We first assessed Non Roma Hungarian nationals on their attitudes towards the Roma. One week later, they were invited to the lab. We used the Implicit Association Test with Roma/Non Roma pictures, and positive/negative words. Then individuals spent five minutes walking laps of a large corridor with a member of the Roma community either in or out of synchrony. A grid was marked out on the floor, and pairs walking in sync stepped in the grid in time, while one walked faster than the other in the out of sync condition. Affiliation and empathy of Non Roma participants towards the Roma participant they had walked with were then measured, along with a second assessment of all other measures.
Following synchronous walking, Non Roma individuals rated the Roma individuals as more likable, they felt closer to them, and they had more empathy for them. Those who had walked in sync also showed increased empathy and a reduction in negative implicit associations and explicit negative attitudes towards the Roma group as a whole (i.e. how aggressive or lazy they viewed the Roma, or how willing they would be to have a member of the Roma community as their boss, sexual partner or family member). Results concerning implicit measures are particularly encouraging, as they should not be as susceptible to demand characteristics as the self-report measures often used in this literature. While promising, such an intervention still suffers from one of the biggest barriers to intergroup contact interventions – actually getting members of conflicted groups into the same physical space. But research across a range of areas has shown that imagining an activity is similar in many ways to actually doing it. Imagining and performing movements can activate similar neural patterns, and even increase performance to an equivalent level on a range of tasks (such as throwing darts, skiing, or playing an instrument). Imagining being in a group can decrease helping behaviour in line with the bystander effect and imagined contact has in some circumstances shown success in fostering better intergroup relations akin to actual contact.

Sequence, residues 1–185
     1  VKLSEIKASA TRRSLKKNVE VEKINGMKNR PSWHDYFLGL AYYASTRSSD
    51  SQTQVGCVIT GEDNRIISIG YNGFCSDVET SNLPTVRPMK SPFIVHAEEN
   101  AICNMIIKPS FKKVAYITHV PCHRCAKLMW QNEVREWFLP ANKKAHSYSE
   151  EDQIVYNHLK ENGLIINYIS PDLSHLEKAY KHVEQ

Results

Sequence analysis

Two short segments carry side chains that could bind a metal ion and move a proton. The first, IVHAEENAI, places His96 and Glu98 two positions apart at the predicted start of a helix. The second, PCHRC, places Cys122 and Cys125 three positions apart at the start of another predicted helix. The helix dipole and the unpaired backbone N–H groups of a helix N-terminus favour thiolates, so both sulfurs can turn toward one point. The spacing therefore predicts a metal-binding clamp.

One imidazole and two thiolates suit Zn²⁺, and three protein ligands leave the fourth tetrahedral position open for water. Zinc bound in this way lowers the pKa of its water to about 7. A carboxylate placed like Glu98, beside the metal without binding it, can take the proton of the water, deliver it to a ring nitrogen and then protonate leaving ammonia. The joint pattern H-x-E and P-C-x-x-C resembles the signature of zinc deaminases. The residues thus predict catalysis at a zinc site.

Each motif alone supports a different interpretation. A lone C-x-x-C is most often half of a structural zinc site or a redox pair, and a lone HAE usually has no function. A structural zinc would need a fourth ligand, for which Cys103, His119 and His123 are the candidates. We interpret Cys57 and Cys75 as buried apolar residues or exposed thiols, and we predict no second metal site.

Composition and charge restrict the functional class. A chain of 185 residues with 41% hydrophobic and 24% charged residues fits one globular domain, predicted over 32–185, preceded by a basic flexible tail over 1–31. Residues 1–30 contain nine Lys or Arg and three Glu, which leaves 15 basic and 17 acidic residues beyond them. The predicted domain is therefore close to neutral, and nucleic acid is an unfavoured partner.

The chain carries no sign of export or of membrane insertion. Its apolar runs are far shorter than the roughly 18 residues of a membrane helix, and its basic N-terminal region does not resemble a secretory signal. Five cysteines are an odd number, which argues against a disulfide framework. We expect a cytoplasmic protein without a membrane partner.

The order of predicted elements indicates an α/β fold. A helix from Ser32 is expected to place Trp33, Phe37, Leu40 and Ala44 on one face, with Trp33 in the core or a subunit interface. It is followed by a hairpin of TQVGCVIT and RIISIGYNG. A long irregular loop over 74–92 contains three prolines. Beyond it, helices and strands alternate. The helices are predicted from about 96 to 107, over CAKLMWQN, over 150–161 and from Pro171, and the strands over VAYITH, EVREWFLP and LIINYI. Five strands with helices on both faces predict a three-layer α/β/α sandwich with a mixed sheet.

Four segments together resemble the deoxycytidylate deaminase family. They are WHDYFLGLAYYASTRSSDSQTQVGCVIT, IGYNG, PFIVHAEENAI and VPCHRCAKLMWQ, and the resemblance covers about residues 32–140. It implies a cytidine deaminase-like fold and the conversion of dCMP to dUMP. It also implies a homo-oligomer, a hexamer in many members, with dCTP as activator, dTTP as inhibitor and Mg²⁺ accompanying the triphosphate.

There is also some research suggesting that imagining walking in synchrony can increase rapport in line with actually walking. So our follow-up study presented a video introduction and asked participants to simply imagine walking either in or out of synchrony with a Roma individual. This mentally simulated coordinated walking improved intergroup relations to a similar level as actual walking.
While we often think of forming social connection with others through communication, there may be even more basic methods of decreasing prejudice. People who move with us are, it seems, in a group with us. By making the effort to move with someone, you open the possibility of being in the same group. Of course, shared views, values and beliefs remain vital in shaping our relationships… but why not try out these simpler, embodied mechanisms too?
- Dr Liam Cross is in the Department of Psychology at Edge Hill University.
Atherton, G., Sebanz, N. & Cross, L. (2019). Imagine all the synchrony: The effects of actual and imagined synchronous walking on attitudes towards marginalised groups. PLoS ONE, 14(5), e0216585.
Cross, L., Turgeon, M. & Atherton, G. (2019). How moving together binds us together: The social consequences of interpersonal entrainment and group processes. Open Psychology, 1(1), 273–302.
Cross, L., Wilson, A.D. & Golonka, S. (2019). I’ll just watch: Do the pro-social effects of coordination really generalize to non-actors? The Journal of Social Psychology. doi: 10.1080/00224545.2019.1623161
Levitin, D.J. (2008). The world in six songs: How the musical brain created human nature. New York, NY: Dutton Adult.
McNeill, W.H. (1997). Keeping together in time: Dance and drill in human history. Cambridge, MA: Harvard University Press.
Miles, L.K., Lumsden, J., Richardson, M.J. & Macrae, C.N. (2011). Do birds of a feather move together? Group membership and behavioral synchrony. Experimental Brain Research, 211(3-4), 495–503.
Webb, C.E., Rossignac-Milon, M. & Higgins, E.T. (2017). Stepping forward together: Could walking facilitate interpersonal conflict resolution? American Psychologist, 72(4), 374.
Wiltermuth, S.S. & Heath, C. (2009). Synchrony and cooperation. Psychological Science, 20(1), 1-5.
Wiltermuth, S. (2012). Synchrony and destructive obedience. Social Influence, 7(2), 78-89.